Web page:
Noell said proposed regulations regarding building design and materials are concerning. Among other things, the new standards call for the use of masonry—stone, brick and stucco—on new multifamily developments. Those materials are typically more costly than fiberboard and other alternatives.

By requiring higher quality building materials, the city is aiming to ensure the complexes maintain their value over time, Foreman said.

Planning department staffers are also considering requiring developers looking to build student housing to obtain a conditional-use permit, which would have to be approved by P&Z and City Council before the development could move forward.

San Marcos resident Melissa Derrick attended the April 30 open house and said the proposal would help ensure multifamily developments are built in ways that are compatible with the surrounding neighborhood.

"The one issue we have with [the current process] is that if the developer is not bound to a planned development district, we have no way to put any conditions on the zoning," Derrick said. "The conditional-use permit will allow us to ask for conditions. I think that's a huge improvement."

Multifamily developments

According to data from Austin Investor Interests, a company that tracks real estate trends, San Marcos' total occupancy for multifamily developments was 94.4 percent in the first quarter of 2014.

The 1,140 three-bedroom apartments in San Marcos rent for an average of $1,718 per month, according to the firm. Those prices have remained generally unchanged since 2008, but Noell said any additional costs to developers will probably be passed on to the complex's tenants.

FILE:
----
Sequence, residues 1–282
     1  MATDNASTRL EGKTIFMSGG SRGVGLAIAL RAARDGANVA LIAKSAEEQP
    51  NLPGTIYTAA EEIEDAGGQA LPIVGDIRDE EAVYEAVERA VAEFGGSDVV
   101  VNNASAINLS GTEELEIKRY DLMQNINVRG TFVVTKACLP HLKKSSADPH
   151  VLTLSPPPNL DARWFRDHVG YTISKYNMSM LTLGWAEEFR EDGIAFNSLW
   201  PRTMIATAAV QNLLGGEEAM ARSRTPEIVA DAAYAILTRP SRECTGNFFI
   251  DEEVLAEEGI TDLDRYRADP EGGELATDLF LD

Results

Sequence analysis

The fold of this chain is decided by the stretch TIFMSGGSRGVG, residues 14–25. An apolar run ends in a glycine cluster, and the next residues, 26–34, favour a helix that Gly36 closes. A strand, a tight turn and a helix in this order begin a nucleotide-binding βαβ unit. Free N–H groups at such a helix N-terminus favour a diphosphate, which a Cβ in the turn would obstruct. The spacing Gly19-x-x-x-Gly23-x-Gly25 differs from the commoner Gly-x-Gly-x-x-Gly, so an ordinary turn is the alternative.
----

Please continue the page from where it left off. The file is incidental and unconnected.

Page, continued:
"These [new standards] are going to increase the cost of housing," Noell said. "How much that is is a matter for someone to sit down and analyze. The cumulative effect is that it will cost more to live in apartments in San Marcos [when these standards are in place] than it did before."

Rent by the bedroom

Apartments in the city are typically rented by the bedroom. The advantage to the property management company in leasing individual bedrooms is it typically allows for higher rent charges than paying by the unit, Foreman said. The practice can be cost-prohibitive for families interested in apartments.

"If you're renting [an apartment] by the bedroom and you rent a three-bedroom and you're paying $500 or $600 for each bedroom, the cost is exponential," he said. "It's not a ban, but [the cost] makes it pretty difficult [for single families]."

Some residents have voiced a desire to see more apartments or condos geared toward families and non-students. Derrick said the city needs more variety in its housing options.

"I would like to see the downtown area cater also to young professionals and not just the student population," Derrick said. "I think there needs to be a mix downtown."

The city will continue gathering feedback from residents ahead of a P&Z meeting May 27, at which the standards are to be discussed. After P&Z gives input, the standards will go to City Council for a vote.